In a conversation with Medical Director Dr. Sarat Raman, he shared this: “If you are African American, you are statistically less likely to be screened for colon cancer. But you’re also more likely to have it and more likely to die from it than a non-Hispanic white person is. It doesn’t matter if you are the King of Wakanda. Race is one of the social determinants that affects a person’s ability to be healthy, live a long life, and achieve good outcomes from any diseases they have.”
A social determinant of health is a factor that impacts a person’s health, but isn’t intrinsic to the person themself. Weight or family history of diabetes, for example, aren’t social determinants of health. Things like income, class, sex, and race are.
Why? Because these are external pressures that can affect the quality and availability of the healthcare available to someone and, as a result, their health outcomes.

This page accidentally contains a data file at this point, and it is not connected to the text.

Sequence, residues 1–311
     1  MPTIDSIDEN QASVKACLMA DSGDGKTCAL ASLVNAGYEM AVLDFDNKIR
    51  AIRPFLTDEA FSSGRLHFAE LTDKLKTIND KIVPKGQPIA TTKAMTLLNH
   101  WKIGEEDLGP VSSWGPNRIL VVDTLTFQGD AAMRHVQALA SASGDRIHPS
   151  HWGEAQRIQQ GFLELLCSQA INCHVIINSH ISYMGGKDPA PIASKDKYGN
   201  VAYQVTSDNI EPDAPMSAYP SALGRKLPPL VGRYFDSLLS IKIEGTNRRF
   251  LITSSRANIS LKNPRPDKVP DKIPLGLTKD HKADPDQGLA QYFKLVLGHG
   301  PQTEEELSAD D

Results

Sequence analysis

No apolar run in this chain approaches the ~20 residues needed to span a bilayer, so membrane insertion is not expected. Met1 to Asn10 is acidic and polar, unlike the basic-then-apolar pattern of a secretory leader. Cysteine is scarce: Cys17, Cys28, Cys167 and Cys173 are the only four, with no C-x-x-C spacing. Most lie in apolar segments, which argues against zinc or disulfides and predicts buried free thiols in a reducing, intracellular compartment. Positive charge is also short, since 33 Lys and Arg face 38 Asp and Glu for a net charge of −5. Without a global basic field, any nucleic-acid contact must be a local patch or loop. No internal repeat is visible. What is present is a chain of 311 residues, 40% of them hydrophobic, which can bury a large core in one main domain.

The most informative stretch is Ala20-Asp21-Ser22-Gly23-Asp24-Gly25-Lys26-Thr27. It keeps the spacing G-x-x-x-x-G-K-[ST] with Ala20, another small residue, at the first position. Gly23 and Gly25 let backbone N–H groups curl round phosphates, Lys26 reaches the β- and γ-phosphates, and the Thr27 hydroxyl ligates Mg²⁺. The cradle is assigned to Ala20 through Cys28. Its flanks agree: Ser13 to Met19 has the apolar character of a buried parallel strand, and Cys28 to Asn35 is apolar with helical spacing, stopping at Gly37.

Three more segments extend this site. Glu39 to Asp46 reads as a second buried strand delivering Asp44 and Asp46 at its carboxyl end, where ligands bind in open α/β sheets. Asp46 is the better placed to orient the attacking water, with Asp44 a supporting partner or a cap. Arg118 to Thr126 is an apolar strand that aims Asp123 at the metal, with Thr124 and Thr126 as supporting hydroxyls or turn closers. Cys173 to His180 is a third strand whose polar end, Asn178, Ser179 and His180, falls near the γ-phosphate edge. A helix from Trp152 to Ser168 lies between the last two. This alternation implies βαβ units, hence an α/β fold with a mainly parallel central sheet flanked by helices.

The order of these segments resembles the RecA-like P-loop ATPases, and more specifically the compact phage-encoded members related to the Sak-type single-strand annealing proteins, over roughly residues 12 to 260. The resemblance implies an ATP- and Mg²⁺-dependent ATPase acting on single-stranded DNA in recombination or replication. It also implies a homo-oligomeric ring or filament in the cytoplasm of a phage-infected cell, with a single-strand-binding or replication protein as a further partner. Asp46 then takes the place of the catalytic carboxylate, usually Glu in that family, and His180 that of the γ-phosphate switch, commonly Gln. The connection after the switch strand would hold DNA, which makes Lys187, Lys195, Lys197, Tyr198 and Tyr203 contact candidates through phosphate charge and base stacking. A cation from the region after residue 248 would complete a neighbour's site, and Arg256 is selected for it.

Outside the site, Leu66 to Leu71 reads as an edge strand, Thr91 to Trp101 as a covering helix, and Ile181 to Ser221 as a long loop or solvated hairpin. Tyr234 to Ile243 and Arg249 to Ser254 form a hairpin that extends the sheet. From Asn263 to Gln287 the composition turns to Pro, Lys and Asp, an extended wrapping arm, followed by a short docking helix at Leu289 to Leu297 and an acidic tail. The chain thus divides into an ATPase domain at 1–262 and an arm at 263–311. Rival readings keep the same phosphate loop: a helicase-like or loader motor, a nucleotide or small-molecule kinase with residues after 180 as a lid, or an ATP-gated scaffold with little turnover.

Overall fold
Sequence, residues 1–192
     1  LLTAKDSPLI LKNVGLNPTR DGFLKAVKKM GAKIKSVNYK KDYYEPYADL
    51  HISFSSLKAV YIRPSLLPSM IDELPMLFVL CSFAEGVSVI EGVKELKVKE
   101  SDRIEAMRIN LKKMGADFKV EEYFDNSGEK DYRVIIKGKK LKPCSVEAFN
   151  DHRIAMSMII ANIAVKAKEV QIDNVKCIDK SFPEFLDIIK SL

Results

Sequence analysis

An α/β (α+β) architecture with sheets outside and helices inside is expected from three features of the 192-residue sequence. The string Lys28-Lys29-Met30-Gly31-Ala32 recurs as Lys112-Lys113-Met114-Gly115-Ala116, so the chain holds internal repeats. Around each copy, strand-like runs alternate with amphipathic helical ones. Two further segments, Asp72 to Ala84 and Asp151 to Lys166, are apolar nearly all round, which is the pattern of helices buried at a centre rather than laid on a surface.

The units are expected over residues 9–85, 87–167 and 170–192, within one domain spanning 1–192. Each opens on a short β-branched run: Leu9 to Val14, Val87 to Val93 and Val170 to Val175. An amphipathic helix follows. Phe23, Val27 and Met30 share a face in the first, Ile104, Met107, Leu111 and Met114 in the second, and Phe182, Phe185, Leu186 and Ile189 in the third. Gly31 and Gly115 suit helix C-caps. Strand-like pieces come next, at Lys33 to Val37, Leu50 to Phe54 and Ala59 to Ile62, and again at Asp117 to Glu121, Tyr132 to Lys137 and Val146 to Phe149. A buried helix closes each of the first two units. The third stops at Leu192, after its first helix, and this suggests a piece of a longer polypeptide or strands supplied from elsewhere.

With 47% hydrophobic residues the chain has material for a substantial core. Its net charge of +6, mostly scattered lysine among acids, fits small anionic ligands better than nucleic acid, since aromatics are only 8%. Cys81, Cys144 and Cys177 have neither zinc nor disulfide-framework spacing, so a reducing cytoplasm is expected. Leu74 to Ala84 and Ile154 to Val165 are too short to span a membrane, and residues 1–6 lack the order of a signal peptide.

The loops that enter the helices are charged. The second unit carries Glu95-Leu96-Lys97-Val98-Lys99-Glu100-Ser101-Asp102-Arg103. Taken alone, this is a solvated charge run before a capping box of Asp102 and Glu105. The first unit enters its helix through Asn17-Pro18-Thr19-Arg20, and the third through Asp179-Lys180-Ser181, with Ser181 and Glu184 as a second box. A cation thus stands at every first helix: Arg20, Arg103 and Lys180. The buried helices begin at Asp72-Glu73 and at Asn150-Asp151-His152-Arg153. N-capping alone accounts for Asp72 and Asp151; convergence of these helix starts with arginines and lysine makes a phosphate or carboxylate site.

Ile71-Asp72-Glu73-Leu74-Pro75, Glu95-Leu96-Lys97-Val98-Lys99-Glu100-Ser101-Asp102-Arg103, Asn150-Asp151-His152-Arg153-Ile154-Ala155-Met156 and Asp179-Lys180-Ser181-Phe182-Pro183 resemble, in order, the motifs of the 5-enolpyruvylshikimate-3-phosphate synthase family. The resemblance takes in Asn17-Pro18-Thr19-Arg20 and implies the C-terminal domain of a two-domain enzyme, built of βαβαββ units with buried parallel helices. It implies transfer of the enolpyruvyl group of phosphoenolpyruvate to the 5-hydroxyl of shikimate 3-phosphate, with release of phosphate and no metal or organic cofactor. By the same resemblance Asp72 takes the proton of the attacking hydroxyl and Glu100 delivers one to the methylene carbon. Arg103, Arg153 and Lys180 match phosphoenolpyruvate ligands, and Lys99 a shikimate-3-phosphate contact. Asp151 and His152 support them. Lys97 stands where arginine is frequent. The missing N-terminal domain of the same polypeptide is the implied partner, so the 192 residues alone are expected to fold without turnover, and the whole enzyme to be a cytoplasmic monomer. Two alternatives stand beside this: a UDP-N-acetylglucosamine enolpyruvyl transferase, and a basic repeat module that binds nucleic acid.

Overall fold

We’re committed to building a diverse workforce that provides equitable care. In the words of Dr. Raman, “We need our staff to be as representative of our population as it can be. Patients need to know that their voices are being represented by people who are similar to them, whether that is by gender, by race, or by culture.”
Health access and implicit bias
What causes race-driven disparities in healthcare? Sometimes it’s a question of access. People who live in communities of color might be less likely to have health services nearby. They’re less likely to have jobs that provide health insurance or to have income that allows them to see the doctor.